In 1965, the Pennsylvania Supreme Court abolished the doctrine of charitable immunity for hospitals as a defense in tort cases. However, until 1990, the only liability a hospital faced was vicarious liability for the acts of its employees. In 1990, for the first time, the Pennsylvania Supreme Court recognized in Thompson v. Nason Hospital,527 Pa. 330, 591 A.2d 703 (1991), that certain hospitals could be directly liable to patients under the doctrine of corporate liability, which established a duty that the hospital owes directly to the patient to oversee all persons who render care to its patients and to adopt adequate policies to ensure quality care for patients. Because corporate liability involves direct negligence of the hospital (as opposed to vicarious liability for the act of a hospital employee) and is based on the negligent acts of the institution arising from its policies, an injured party need not establish the negligence of a doctor to prevail under a theory of corporate liability.
In 2002, the law of informed consent in Pennsylvania was legislatively changed to include misrepresentation as a basis for an informed consent claim where a patient was misled as to the doctor’s training, experience or credentials. Traditionally, an informed consent was limited in its application (as a tort of battery) to individual physicians and not the hospital. The use of teleradiology without full disclosure is no less misleading to a patient than a surgeon exaggerating his or her experience performing a procedure and goes to the heart of a hospital’s duty to its patients. A patient injured as a result of a suboptimal reading performed by a teleradiologist not subject to the credentialing requirement of the hospital’s own staff may have a prima facie case of corporate negligence against the institution. But a patient should also be able to bring an action against the institution premised on the same grounds as an informed consent claim against an individual physician. Whether the Pennsylvania Supreme Court would recognize such a claim under Thompson remains to be seen, but it could only serve to improve the hospital’s incentive to accurately disclose who is really providing care.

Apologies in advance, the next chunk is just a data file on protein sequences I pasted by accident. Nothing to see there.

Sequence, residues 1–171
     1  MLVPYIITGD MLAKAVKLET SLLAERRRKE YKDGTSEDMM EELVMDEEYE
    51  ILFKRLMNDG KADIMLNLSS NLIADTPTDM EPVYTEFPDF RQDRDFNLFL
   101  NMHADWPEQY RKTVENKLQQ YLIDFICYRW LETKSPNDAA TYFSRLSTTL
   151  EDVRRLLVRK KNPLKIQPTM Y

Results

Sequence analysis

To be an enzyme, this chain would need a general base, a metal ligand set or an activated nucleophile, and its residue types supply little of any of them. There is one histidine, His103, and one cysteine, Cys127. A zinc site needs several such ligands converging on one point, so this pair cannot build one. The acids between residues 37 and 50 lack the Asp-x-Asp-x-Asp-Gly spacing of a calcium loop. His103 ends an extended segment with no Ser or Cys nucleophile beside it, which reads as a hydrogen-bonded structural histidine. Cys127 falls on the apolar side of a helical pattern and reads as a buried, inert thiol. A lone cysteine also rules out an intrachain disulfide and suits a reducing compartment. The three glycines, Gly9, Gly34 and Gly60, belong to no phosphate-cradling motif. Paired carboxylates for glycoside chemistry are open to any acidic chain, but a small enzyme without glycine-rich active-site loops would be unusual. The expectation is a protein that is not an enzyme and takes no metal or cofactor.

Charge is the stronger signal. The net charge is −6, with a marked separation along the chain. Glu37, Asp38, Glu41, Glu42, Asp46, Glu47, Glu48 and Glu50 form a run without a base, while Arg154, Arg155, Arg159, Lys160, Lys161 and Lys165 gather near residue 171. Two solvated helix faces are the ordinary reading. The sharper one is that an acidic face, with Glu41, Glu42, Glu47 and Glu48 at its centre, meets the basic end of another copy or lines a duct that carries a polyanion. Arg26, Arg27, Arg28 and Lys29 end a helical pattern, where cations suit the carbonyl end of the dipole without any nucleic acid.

Although teleradiology is likely here to stay, its use needs to be coupled with requirements of disclosure and better, more uniform regulations concerning the credentials, training and licensing of the practitioner performing services offsite and outside of the United States. •
John Mirabella of Duffy + Partners regularly represents patients in cases involving significant medical malpractice and birth injury. In 2011, he and partner Tom Duffy obtained a $21 million verdict in a case involving ER care.